Cultural Competency and Taxes: Filing Status and Its Implications
Filing Status Categories
In this discussion, the following table displays the main choices for filing status on the tax return: Head of Household, Single, Married Filing Jointly, and Married Filing Separately. While there are other choices, these are the most commonly used. The blue boxes at the top tell least cost in taxes paid versus highest cost in taxes paid, according to how one chooses filing status. This could prove very important when considering cultural norms, as indicated below.
Head of Household - This filing status can only be used when it is a single parent with children. Many people erroneously choose this filing status if two people are married and one of the spouses chooses to stay home to take of the children in the family. The other error commonly made among many people of other countries is to choose this for married couples, because traditionally in many cultures, the man is the Head of the Household. This is not the same Head of the Household as the tax term Head of Household, which is very important to note. If you do not truly fit this tax term definition and file as Head of the Household erroneously, it could cost you in and audit and penalties plus interest, so make sure that if you file under this status, that you truly fit the tax term and not the cultural term.
Heads of Household pay the least tax, and while married filing jointly also pay the least taxes, when considering Head of Household in some cultures, the husband will file as Married Filing Separately, thinking that as the main breadwinner, filing the income separately will be more beneficial. Not so much, so just be aware to avoid getting a letter from the IRS.
Single With No Children - People who are single with no children are, well, not married and have no children. They pay the medium rate for taxes - higher than if they were married, but the tax code neither gives incentive nor penalty of any kind for those who remain single and childless.
LOW TAX RATE - Less Cost to You
MEDIUM TAX RATE
HIGH TAX RATE - Highest Cost to You
HEAD OF HOUSEHOLD - Single Parent with children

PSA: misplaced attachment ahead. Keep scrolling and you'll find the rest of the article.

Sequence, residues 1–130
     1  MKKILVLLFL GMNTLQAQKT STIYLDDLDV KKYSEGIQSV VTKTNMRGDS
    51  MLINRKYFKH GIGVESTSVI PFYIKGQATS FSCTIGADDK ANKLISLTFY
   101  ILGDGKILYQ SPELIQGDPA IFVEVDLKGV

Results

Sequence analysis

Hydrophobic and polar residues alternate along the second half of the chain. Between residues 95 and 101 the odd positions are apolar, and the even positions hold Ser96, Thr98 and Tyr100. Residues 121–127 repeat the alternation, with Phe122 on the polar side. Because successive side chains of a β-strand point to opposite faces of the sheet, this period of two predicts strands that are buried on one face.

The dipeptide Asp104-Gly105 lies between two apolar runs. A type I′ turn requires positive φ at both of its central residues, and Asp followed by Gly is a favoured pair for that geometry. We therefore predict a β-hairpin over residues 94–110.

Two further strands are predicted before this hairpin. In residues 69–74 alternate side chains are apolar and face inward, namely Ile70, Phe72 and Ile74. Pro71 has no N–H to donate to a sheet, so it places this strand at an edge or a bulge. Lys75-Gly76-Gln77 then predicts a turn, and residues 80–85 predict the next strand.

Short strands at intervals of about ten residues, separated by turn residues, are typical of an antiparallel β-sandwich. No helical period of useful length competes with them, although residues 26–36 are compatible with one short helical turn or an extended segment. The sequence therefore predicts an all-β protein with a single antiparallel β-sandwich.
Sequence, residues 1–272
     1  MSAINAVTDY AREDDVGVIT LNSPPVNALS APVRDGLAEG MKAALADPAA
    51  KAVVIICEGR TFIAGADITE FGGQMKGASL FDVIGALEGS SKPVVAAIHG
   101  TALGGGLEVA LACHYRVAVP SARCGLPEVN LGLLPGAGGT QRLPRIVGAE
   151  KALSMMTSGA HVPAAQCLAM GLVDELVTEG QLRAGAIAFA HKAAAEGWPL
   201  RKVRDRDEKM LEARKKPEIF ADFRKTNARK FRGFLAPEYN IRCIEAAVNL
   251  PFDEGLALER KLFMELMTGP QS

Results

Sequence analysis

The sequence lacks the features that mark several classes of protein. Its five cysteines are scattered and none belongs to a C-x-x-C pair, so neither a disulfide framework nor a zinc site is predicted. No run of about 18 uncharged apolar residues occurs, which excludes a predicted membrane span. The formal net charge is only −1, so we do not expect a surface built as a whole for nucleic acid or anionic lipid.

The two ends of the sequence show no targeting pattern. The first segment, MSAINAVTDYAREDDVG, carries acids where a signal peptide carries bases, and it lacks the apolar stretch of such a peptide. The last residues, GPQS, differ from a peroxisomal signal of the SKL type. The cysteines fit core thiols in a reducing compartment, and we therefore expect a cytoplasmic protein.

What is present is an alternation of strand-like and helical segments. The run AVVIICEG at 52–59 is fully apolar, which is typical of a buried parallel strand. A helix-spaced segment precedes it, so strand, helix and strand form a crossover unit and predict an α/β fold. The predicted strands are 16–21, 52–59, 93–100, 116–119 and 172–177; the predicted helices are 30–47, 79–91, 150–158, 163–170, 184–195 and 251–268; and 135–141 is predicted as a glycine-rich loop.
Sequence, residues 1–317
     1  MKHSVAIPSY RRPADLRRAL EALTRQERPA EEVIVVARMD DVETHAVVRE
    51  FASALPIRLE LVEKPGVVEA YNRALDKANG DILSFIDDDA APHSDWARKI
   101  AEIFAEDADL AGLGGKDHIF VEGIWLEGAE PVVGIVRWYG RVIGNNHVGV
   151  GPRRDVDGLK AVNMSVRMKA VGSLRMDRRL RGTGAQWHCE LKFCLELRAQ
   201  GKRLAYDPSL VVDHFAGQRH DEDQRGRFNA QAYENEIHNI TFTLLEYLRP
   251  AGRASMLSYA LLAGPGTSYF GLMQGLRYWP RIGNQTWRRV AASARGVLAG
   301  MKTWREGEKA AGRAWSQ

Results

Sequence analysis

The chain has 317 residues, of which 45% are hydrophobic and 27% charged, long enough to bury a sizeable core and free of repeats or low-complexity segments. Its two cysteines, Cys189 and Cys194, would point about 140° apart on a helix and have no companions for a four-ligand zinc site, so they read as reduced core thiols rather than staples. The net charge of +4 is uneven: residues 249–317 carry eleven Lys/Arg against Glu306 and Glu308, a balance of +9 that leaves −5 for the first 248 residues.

SINGLE - no children
MARRIED, FILING JOINTLY
MARRIED, FILING SEPARATELY
Married Filing Jointly vs. Married Filing Separately - Prior to discussing these two categories, it is first necessary to understand the institution and concept of marriage in ours and other cultures.
The Rules of Marriage - As of December 31st of any given tax year, your marital status determines your filing status for that tax year. For example, if you got married on December 15, 2013, although you were single for most of the year, as of December 31st, your filing status for tax year 2013 (TY2013), is Married.
In a heterosexual marriage, American women have traditionally taken the family name of their husband.
There are 13 states that recognize same-sex couples.
In Connecticut, Hawaii, Illinois, Iowa, Massachusetts, New Hampshire, New York, and Vermont, same-sex couples are recognized as married and can file as Married Filing Jointly or Married Filing Separately.
In California, Delaware, Washington, D.C, New Jersey, and Oregon, same-sex unions are recognized, but in these states they are required to file Married Filing Jointly only.
In traditional Hispanic culture, however, women do not take their husbands' names in the same manner. Alicia Morales can marry Javier Hernandez and become Alicia Morales de Hernandez legally, but refer to herself as Alicia Morales.
In many other European cultures, the women also keep their family names, thus indicating a married legal status, but separate in name.
So, What Should The Filing Status Be?
Due to this separate status and also ascribing to the idea that less reported means less taxes paid, in other countries where there is a tax structure, filing separately actually is more beneficial. However, in the United States, as is shown in the table above, the highest tax rate is paid by those who are married and filing separately - essentially the opposite.
Next in this series: Cultural Competency: What is Reportable Income?